Drone footage reveals herons’ nesting secrets
The ‘pioneering’ study could shed new light on bird populations around the country, experts said.
Footage of nesting herons shot by a drone could shed new light on bird populations across the country, conservationists have said.
The footage of the heronry filmed at the Woodland Trust-owned Parrs Wood at Grappenhall Heys in Warrington, Cheshire, shows 18 nests perched in the tops of trees.
It could provide a more accurate assessment of the number of nests used by herons than estimates made from the ground, experts said.
The footage was filmed by Serge Wich from Liverpool John Moores University on behalf of Brian Martin from the British Trust of Ornithology.
Mr Martin said: “By counting nests from the ground and deciding from discarded eggshells and droppings on the trees and surrounding vegetation we can estimate how many nests were occupied.
“This, however, is by no means accurate and some used nests may be overlooked.
“Earlier this year, following such a survey, we estimated there were nine nests in Grappenhall Heys, but now with this new drone footage above the nests, we have a more accurate way to measure populations.
It would be remarkable if this footage at one of our sites pioneers a new way of estimating both bird and animal populations Neil Oxley, Woodland Trust
“We can get within 10 metres of the nests without disturbing the herons and are even able to see the young chicks.
“These results show the actual population is double that which was previously estimated so it could be a pioneering study.”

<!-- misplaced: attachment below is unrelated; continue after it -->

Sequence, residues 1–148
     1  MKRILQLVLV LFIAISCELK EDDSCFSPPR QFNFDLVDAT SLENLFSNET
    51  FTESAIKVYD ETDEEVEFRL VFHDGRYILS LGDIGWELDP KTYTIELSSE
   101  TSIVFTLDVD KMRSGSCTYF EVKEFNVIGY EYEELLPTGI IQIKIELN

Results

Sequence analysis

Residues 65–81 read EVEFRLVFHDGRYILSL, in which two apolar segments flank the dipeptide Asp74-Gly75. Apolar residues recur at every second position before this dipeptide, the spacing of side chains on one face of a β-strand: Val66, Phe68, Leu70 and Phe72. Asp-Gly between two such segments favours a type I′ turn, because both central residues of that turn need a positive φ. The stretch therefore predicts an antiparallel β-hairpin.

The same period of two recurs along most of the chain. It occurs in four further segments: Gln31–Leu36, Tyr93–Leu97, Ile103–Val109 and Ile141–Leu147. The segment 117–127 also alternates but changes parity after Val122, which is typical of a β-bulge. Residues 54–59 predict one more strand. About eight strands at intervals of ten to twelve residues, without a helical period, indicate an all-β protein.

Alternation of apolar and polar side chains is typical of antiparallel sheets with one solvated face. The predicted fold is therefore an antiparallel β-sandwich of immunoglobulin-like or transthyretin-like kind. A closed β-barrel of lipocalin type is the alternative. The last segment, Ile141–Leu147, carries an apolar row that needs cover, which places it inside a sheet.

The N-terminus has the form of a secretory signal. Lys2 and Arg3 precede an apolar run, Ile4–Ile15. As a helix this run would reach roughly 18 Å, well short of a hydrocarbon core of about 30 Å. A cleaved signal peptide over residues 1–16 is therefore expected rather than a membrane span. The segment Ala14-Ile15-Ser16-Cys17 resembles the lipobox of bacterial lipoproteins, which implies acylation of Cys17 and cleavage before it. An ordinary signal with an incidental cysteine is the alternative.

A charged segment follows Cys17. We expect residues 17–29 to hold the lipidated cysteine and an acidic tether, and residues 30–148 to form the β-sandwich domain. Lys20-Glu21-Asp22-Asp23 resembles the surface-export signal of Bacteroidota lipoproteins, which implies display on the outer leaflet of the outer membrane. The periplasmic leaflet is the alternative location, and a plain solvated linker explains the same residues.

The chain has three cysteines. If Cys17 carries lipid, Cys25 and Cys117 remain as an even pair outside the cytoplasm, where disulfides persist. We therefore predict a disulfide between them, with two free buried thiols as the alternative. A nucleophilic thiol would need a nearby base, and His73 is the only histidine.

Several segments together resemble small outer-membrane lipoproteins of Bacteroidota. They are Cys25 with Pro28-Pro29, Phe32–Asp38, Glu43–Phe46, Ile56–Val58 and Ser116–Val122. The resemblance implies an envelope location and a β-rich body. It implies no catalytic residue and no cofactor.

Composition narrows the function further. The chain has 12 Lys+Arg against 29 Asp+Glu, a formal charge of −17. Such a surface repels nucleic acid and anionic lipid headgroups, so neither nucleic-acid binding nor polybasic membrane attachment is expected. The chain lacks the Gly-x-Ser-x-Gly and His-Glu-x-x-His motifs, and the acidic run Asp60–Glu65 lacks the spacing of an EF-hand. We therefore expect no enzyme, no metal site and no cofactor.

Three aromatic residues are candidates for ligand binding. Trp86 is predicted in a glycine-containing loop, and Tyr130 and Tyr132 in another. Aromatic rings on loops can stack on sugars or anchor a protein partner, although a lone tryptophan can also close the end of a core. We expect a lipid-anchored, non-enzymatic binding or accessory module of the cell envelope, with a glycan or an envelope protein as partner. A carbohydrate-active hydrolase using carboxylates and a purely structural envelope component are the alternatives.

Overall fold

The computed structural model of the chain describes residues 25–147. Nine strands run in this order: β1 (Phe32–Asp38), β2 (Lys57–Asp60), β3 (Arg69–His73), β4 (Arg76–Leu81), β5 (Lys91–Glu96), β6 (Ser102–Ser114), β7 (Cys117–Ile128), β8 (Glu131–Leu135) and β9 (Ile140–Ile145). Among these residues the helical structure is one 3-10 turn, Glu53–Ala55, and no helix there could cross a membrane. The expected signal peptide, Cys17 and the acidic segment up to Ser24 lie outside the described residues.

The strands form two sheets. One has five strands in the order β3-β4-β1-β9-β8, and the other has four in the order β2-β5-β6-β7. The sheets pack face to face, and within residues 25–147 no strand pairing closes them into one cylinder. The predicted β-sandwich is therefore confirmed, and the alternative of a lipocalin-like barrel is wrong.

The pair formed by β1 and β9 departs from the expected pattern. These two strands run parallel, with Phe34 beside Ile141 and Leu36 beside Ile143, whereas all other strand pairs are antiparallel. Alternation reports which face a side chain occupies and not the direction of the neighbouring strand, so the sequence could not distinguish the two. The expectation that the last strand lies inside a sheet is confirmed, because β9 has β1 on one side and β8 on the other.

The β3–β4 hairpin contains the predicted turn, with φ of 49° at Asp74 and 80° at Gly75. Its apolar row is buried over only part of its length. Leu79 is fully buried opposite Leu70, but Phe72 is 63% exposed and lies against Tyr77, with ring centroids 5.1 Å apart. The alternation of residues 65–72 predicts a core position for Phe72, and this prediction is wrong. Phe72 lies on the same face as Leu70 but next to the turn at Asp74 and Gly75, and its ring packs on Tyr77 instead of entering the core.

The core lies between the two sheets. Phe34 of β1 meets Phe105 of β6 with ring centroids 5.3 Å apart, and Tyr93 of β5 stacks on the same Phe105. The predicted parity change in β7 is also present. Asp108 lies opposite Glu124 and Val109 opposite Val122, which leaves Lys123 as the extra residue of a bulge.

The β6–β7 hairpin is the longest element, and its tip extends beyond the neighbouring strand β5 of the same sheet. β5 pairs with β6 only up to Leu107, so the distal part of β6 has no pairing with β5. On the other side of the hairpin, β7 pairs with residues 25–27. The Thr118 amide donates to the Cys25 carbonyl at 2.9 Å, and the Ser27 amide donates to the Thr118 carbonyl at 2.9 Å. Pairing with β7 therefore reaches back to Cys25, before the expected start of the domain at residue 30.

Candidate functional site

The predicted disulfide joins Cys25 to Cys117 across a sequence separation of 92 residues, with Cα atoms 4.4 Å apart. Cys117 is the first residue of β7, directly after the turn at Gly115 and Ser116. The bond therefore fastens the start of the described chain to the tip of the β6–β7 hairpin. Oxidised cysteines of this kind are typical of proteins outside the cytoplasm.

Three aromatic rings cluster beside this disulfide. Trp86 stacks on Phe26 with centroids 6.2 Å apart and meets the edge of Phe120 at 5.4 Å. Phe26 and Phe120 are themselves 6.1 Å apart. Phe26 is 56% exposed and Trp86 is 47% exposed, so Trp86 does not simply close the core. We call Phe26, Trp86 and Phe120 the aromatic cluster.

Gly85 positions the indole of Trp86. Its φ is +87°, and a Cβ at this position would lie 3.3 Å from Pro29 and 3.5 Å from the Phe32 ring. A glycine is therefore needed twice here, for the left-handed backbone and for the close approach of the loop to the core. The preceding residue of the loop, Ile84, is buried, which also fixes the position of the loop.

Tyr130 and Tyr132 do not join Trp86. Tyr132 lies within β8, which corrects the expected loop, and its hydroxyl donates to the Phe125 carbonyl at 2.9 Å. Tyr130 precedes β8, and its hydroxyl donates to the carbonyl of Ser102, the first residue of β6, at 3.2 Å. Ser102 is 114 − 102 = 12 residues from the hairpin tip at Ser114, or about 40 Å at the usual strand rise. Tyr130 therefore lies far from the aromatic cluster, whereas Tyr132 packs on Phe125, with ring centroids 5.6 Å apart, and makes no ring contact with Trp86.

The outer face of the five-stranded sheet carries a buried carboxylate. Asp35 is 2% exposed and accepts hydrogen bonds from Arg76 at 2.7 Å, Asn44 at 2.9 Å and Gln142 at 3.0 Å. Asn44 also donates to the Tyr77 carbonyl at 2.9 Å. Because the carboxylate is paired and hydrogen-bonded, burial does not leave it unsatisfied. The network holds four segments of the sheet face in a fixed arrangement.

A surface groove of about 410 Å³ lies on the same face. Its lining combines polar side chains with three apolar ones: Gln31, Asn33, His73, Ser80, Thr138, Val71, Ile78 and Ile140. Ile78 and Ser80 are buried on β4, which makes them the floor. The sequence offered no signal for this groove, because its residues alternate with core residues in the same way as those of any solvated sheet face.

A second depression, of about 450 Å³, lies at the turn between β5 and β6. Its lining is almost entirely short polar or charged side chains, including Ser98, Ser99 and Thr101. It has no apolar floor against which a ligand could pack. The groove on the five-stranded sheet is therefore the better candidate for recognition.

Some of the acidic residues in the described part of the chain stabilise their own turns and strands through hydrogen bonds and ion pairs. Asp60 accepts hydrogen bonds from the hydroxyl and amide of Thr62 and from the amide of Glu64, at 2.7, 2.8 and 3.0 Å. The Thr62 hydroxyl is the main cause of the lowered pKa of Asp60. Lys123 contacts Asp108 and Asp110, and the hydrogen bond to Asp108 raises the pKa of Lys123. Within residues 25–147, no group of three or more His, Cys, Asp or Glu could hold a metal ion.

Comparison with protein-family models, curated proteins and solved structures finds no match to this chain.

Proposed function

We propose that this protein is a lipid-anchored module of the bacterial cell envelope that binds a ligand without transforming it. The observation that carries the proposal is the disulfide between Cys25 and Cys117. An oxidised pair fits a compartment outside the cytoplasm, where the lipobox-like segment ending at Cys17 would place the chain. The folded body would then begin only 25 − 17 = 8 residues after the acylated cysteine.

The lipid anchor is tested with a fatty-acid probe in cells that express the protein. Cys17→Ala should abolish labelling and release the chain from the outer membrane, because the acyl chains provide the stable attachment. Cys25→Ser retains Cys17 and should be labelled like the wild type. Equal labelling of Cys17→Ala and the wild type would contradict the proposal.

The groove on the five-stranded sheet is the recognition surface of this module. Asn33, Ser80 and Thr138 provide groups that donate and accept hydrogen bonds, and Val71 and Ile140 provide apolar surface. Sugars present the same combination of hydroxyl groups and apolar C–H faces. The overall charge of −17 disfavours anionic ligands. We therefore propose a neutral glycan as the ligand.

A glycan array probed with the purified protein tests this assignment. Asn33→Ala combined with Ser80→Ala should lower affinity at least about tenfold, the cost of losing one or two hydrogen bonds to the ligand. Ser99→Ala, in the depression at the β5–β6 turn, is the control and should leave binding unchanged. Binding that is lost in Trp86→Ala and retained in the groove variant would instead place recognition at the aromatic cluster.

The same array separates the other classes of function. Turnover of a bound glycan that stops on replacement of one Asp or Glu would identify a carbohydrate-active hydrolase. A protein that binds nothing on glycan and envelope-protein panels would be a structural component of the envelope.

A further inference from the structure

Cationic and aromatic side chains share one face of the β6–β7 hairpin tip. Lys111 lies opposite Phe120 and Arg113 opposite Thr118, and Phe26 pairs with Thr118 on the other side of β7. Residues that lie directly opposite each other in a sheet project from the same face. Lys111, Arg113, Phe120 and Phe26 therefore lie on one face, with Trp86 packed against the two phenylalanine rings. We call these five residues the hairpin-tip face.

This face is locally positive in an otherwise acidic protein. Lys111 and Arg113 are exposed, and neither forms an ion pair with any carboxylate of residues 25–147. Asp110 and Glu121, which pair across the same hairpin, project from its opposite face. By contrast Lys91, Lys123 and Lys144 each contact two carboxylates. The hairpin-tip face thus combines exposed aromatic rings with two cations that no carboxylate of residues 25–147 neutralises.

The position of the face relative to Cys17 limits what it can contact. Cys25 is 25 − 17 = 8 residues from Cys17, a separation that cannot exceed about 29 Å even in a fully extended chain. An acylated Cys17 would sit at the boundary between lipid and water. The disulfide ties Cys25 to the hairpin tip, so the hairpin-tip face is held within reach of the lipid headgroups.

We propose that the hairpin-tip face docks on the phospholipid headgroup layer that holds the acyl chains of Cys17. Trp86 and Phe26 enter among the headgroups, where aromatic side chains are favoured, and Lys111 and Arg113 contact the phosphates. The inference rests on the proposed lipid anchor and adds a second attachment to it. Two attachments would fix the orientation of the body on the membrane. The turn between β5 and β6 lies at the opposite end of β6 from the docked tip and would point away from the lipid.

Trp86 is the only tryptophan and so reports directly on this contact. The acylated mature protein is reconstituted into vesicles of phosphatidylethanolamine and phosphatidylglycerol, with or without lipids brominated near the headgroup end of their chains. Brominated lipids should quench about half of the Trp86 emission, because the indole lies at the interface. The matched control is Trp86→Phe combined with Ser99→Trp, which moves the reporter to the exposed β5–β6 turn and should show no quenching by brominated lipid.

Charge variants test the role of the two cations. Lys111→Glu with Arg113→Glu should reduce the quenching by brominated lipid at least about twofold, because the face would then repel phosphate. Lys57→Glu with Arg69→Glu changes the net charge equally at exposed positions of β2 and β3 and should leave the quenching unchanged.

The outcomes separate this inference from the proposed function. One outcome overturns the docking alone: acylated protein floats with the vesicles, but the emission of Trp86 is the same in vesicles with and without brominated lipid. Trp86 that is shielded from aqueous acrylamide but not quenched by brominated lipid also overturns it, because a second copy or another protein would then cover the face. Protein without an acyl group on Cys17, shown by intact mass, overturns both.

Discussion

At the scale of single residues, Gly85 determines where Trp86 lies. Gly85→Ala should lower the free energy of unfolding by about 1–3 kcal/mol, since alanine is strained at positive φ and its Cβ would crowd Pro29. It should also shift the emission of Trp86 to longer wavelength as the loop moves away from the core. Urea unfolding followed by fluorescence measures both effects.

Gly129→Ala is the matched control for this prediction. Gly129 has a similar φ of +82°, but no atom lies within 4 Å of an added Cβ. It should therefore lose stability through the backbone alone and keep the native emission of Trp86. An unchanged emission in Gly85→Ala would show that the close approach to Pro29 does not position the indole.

Neil Oxley, site manager at the Woodland Trust said: “This is the first such footage we have ever had at one of our sites and it is exciting.
“We have known for many years that herons nested at the site but have never seen it in this light.
“It would be remarkable if this footage at one of our sites pioneers a new way of estimating both bird and animal populations.
“It would also be interesting to potentially uncover other heronries at our other sites.”
A national census of herons, the oldest census of any bird species in the world, has been running since 1928, and the latest population figures for grey herons in the UK, from 2015, is more than 11,000 pairs.
But Mr Martin, who coordinates census gathering in Cheshire, thinks the number may be much higher following the discovery at Grappenhall Heys.
Herons breed in colonies, generally returning each year to the same site, and like to be near wetlands to source their main food of fish, but they also eat frogs and small mammals.